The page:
The EU and Cuba signed a renewable energy deal on Tuesday, a step towards normalising relations in defiance of Washington's continuing hardline stance on Havana.
As it scrambles to save the Iran nuclear deal after US President Donald Trump ditched it last week, the EU sought to add substance to its landmark cooperation agreement with Cuba, which came into effect in November.
EU diplomatic chief Federica Mogherini has condemned the US economic blockade of the communist island as "obsolete" and "illegal", but under Trump the US has rolled back the rapprochement championed by his predecessor Barack Obama.
Mogherini and Cuban Foreign Minister Bruno Rodriguez Parrilla led the first meeting of the EU-Cuba Joint Council in Brussels.
The highlight was the signing of an 18 million euro ($21.5 million) project to support Cuba's goal of getting a quarter of its energy from renewable sources by 2030.
The EU also plans to finance a food security support programme for the island with a contribution of 19.7 million euros.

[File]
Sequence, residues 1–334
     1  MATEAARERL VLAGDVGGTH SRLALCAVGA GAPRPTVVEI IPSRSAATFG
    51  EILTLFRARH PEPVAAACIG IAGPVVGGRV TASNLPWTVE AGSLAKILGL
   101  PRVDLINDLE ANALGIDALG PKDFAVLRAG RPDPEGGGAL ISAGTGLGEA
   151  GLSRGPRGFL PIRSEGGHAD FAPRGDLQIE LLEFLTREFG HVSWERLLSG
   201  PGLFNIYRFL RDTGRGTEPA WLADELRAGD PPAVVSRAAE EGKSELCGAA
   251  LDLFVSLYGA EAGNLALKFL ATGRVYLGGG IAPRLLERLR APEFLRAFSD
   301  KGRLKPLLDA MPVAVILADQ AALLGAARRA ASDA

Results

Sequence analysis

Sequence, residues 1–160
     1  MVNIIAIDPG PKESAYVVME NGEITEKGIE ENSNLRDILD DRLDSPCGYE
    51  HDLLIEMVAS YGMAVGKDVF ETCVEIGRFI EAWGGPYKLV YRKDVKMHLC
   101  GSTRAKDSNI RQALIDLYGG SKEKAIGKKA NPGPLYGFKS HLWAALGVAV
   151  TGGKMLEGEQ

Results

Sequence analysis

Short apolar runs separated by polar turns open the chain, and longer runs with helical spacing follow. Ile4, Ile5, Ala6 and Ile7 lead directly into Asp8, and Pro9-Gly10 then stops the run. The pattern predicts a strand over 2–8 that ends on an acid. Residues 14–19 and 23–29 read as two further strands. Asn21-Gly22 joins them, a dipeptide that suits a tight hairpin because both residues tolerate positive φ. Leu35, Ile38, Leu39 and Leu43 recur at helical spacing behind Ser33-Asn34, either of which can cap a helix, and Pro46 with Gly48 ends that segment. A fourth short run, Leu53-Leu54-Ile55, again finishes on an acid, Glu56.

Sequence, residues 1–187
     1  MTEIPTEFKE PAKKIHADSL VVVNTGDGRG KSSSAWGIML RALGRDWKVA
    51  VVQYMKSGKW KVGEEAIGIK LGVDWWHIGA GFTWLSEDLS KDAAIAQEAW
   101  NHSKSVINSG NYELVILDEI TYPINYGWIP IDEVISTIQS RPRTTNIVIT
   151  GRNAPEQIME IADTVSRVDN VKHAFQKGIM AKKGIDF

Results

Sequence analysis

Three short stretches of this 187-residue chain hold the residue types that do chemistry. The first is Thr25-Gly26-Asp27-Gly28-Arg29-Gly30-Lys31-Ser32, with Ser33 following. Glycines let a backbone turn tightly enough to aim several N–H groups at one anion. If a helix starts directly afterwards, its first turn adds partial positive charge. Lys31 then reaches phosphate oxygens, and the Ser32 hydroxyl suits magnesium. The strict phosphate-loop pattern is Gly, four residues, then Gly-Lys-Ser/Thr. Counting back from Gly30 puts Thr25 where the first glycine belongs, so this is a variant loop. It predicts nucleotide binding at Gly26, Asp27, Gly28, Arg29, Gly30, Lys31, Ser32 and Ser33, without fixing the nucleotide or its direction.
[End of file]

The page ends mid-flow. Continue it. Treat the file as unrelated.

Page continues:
"Today we celebrate an important step in relations between the EU and Cuba," Mogherini said.
"We want to construct a closer relationship based on open and frank dialogue and mutual respect and effective cooperation."
Cuba turned a page in its history last month when Miguel Diaz-Canel took over as president after nearly 60 years of rule by revolutionary leader Fidel Castro and then his brother Raul.
Havana and Brussels also launched dialogues focusing on five areas including sustainable development, non-proliferation, human rights and unilateral measures.
The last section will deal with the US embargo. Havana is hoping the EU will prove to be an ally against Trump.
The agreement with Cuba, so far ratified by 13 of the 28 EU member states, can be suspended in case of grave rights abuses.